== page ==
Two years ago, Merv Griffin died, leaving behind a legacy that included Wheel Of Fortune, Jeopardy, hotels, side business ventures, and more than a billion dollars. Also: speculation. Rumors about Griffin being a big ‘mo aren’t new, and they weren’t helped by two lawsuits (a palimony claim, and a sexual harassment charge) by two dudes in the 90s. Though dismissed, the lawsuits put Griffin on the spot, and while he never denied being gay, he didn’t own it either. Now, someone else is doing it for him.
Author Darwin Porter’s niche is posthumously outing celebrities. He did it for Marlon Brandon. He did it for Katharine Hepburn. And now he’s doing it to Griffin with Merv Griffin: a Life in the Closet. Having just hit bookstores, Porter is on a media tour — a stop that includes Cindy Adam’s column.
Of Griffin, Porter says, “We met in ’59 when he sang for my senior prom and the student committee paid him $500. What he made then was a far cry from the billionaire he was at the end.”
But what about the sex? “He lost his virginity, to a female, that is, when Judy Garland seduced him. His first crush was Errol Flynn, whom he saw passed out naked on a couch. His roommate a year and a half was Montgomery Clift. He lived with Roddy McDowall here at the Dakota, where he introduced Eddie Fisher to Elizabeth Taylor. He maintained a virtual male harem and a pimp who supplied porn stars, but I don’t go into his pay-for-gay guys. I keep it to his A-list dates like Rock Hudson, whom he met through Henry Wilson, Rock’s agent, and who advised him to keep his sexuality quiet. And there was a young James Dean selling his sex for cash. Plus Judy Garland’s ‘Meet Me in St. Louis’ boy next door, Tom Drake, who, by the way, ended up a used car salesman. There was Peter Lawford, Robert Walker, Gordon Scott the then-Tarzan. And lots about Merv’s prolonged sexual tryst with Marlon Brando. There are his experiences at Liberace’s all-male orgies. His first encounter, a boyhood friend he grew up with, later tried writing a book about Merv. This being an era when male actors felt homosexuality was a danger to their career, lawyers shot down that book fast.”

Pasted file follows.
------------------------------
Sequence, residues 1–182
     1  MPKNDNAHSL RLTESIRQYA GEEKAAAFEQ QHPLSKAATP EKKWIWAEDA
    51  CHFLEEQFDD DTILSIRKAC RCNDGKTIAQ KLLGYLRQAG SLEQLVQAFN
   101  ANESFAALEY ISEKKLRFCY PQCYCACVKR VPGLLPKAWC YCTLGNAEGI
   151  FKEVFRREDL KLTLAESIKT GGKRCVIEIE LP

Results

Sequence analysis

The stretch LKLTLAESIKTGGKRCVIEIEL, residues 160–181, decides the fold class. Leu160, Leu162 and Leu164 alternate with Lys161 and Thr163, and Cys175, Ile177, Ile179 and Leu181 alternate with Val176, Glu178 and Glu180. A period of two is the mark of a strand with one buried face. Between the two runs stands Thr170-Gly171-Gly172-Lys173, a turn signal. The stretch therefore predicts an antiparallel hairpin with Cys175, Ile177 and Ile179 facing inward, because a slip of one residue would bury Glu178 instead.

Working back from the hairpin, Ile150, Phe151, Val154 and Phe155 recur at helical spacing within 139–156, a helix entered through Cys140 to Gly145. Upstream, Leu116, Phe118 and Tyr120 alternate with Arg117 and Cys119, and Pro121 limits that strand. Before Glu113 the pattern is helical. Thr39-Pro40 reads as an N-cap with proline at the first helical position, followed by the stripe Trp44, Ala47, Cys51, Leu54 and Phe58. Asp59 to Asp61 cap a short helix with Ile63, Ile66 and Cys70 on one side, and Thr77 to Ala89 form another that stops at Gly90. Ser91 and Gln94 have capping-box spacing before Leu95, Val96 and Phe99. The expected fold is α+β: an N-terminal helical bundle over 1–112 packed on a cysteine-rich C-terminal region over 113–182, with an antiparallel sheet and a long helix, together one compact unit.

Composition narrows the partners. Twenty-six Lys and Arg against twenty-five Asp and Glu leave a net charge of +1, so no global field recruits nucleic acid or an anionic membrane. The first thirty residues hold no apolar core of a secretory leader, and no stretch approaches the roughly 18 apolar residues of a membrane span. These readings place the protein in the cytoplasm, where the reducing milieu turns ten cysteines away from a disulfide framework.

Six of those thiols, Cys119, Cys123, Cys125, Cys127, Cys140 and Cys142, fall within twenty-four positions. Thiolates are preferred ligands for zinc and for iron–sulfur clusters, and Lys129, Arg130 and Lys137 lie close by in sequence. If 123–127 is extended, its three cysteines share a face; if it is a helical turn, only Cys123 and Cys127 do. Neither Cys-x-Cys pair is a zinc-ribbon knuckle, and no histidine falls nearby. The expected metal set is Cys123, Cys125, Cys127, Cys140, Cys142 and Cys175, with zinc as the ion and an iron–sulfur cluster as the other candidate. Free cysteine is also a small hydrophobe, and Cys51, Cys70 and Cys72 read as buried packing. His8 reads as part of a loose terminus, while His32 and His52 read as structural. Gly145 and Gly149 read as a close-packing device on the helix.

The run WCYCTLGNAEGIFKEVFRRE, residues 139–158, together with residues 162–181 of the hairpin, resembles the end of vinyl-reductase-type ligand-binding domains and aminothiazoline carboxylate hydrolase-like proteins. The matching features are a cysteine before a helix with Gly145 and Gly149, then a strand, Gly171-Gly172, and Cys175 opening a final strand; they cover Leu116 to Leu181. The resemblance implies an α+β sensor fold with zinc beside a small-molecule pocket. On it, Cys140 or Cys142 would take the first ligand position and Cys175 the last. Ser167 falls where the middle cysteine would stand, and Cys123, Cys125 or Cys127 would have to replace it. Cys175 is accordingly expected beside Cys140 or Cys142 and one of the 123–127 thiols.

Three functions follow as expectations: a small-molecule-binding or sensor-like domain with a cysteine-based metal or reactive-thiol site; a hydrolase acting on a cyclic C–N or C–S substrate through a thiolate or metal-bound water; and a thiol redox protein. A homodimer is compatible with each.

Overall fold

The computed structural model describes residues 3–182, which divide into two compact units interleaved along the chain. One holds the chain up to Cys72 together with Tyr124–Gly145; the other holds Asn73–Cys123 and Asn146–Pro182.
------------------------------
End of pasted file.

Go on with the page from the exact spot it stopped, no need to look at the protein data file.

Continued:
And if that wasn’t scandalous enough: “I write that friends who went to school with him in San Mateo say, when he was a young homosexual growing up, he was sexually molested” by a priest.
Of course, Porter has one thing working for him: almost no threat of litigation. Most of the folks Porter talks about and says Griffin was involved with are, like Griffin, dead. And as any law student knows, you can’t libel the dead. So it doesn’t matter if he calls James Dean a glorified prostitute, or Griffin a pimp. None of this has to be true for him to get a book deal without worrying about getting sued.
Of course, some part of you secretly wants this all to be real. Whores!